The convenience store market has exploded with enormous growth across the country and around Arkansas in recent years.
Since 2005, more than 8,100 C-stores have been added from coast to coast bringing the total to nearly 149,000 venues – a footprint that dominates the big and small box retail landscape.
A recent report from The Neilsen Company indicates there are more convenience stores than warehouse clubs, supercenters, dollar stores, supermarkets and drug stores combined.
It’s clear that Americans, while cautious with some spending, want and will pay for convenience.
Neilsen says there is one C-store for every 2,000 people in the United States. Through August 2012, the Neilsen report shows convenient store sales grew 4.9% in the 52-week period. This was better than the 3.7% sales growth for the overall retail sector.
As a sector, sales topped $123 billion in the year measured in the report. At the same time the $310 billion grocery segment grew by 1.5% and the $49 billion drug store category increased sales by 2.5%, excluding prescriptions.
In Northwest Arkansas two Iowa-based chains, Casey’s General Store and Kum & Go, have been in a mad dash to carve up territory in Benton and Washington counties for the past 18 months.
Casey’s has built seven local stores with three more under construction, and one more debated in Bella Vista.
This Iowa-based chain said it will add a total of 40 stores in fiscal 2013, with 13 of those are already under construction and eight more sites are planned with property negotiations underway. Casey’s operates more than 1,700 convenience stores throughout 12 states across the Midwest.
Kum & Go is also off to the races in Northwest Arkansas after the Des Moines, Iowa-based chain opened its first two stores in the Little Rock area in 2011.
Since then Kum & Go has built 15 stores in Benton and Washington counties, almost half of the 37 sites in the entire state.
The two chains are no stranger to competition as they have been battling for territory across the Midwest for more than three decades. Just last month Casey’s closed a deal to purchase 22 Kum & Go stores in Iowa.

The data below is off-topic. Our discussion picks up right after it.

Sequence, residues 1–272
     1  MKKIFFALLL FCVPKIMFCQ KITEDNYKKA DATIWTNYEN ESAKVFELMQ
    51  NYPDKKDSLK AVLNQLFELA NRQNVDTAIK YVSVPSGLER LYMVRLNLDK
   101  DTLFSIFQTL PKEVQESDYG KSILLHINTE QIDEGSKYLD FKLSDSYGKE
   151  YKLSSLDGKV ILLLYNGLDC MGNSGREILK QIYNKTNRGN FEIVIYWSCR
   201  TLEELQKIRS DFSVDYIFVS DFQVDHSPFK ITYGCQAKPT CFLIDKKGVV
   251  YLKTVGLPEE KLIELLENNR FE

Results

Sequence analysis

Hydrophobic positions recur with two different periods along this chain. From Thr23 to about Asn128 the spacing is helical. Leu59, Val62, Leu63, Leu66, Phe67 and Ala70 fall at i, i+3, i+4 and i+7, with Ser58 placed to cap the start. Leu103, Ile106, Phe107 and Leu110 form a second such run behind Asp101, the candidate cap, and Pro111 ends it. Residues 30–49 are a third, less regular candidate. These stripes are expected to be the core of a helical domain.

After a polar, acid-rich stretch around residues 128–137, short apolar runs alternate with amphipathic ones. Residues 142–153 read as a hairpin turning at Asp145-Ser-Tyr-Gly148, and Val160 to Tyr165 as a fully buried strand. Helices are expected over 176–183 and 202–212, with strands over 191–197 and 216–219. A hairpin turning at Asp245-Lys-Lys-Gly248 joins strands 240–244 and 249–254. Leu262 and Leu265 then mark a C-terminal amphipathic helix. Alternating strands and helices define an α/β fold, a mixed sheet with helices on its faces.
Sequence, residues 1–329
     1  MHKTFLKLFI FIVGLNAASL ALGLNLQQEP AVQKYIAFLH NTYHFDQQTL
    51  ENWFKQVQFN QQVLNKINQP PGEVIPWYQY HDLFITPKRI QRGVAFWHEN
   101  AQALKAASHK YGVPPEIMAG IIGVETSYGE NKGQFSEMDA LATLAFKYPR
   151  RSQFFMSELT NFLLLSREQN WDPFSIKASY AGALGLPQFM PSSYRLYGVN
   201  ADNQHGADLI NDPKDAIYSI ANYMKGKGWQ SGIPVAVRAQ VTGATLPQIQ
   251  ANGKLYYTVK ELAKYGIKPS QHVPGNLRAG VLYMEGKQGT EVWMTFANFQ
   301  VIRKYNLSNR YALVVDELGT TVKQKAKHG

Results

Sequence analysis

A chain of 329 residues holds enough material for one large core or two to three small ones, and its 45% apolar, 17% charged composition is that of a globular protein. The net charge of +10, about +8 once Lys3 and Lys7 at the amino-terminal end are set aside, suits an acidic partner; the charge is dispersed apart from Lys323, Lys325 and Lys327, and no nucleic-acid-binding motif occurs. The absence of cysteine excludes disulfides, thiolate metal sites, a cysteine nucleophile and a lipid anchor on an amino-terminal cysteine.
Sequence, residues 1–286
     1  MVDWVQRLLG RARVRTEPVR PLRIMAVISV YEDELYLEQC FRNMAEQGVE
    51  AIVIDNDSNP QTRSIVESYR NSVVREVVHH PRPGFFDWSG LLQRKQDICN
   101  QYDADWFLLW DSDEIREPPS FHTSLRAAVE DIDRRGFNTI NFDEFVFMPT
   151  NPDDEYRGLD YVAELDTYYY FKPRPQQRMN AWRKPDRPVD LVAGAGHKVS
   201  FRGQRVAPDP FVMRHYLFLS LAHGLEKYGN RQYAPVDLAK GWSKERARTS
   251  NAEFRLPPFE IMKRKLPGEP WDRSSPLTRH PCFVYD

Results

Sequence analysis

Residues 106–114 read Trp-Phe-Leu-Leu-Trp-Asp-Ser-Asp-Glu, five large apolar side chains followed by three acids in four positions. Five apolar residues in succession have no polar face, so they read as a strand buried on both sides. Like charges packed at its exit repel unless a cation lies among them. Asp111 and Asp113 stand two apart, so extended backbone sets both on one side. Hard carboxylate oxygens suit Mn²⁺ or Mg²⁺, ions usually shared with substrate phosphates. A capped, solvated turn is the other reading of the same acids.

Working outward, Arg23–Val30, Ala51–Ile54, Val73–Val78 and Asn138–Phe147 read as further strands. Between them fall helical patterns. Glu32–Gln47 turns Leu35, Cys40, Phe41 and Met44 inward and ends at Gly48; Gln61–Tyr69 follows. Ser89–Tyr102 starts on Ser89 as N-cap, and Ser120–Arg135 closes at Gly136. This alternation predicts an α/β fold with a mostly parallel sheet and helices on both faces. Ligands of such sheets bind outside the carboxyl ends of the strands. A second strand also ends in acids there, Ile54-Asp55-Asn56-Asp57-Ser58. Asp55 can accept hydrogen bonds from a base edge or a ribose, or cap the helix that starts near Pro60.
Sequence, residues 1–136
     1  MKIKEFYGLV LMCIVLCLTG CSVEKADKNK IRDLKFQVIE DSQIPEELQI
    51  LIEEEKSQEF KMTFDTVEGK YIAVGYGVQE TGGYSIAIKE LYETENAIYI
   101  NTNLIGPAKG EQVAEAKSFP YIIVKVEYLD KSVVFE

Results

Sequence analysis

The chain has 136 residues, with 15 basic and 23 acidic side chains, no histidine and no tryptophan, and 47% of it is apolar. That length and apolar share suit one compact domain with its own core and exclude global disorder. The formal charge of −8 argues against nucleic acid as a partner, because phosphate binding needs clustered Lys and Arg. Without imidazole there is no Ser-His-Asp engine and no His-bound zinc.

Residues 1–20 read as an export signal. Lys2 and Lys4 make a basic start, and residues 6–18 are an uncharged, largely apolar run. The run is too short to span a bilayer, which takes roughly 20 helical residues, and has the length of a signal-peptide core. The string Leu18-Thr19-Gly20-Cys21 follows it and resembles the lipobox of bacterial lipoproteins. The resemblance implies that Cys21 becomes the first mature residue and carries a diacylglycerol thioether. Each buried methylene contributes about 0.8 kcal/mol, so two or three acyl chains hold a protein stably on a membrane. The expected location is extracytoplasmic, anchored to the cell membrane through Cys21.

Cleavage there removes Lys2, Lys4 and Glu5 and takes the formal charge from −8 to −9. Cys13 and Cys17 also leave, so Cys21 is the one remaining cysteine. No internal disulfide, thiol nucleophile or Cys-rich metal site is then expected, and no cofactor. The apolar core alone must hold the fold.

The convenience store market is highly competitive and quite fragmented with the top four companies controlling about one-third of the total market.
Convenience stores are cheaper to build and operate than their larger format competitors -- grocery stores, fast-food outlets and even big-box stores like Wal-Mart.
Neilsen forecasts some speed bumps for the C-store segment as two of the leading trip motivators are decreasing – cigarette sales and gas sales.
More fuel efficient automobiles will likely mean fewer trips to the pump in the next five years. Increasing cigarette health issues and taxes are also taking a bite out of tobacco demand, according to the Neilsen report.
Trends in consumer lifestyles have led to innovation among some C-store owners offering on-the-go meals with a healthier appeal.
Ed Jackson, an executive in Springdale, says he loves the fresh turkey wraps at Kum & Go as a healthy lunch option that costs him just $5 and includes a 32-ounce drink.
He says the wraps are made fresh to his order and fit the healthy and inexpensive criteria he sets for lunches during the work week.
These fresh, ready-to-eat products have the ability to attract higher income shoppers and are gaining traction in the U.S., according to Neilsen.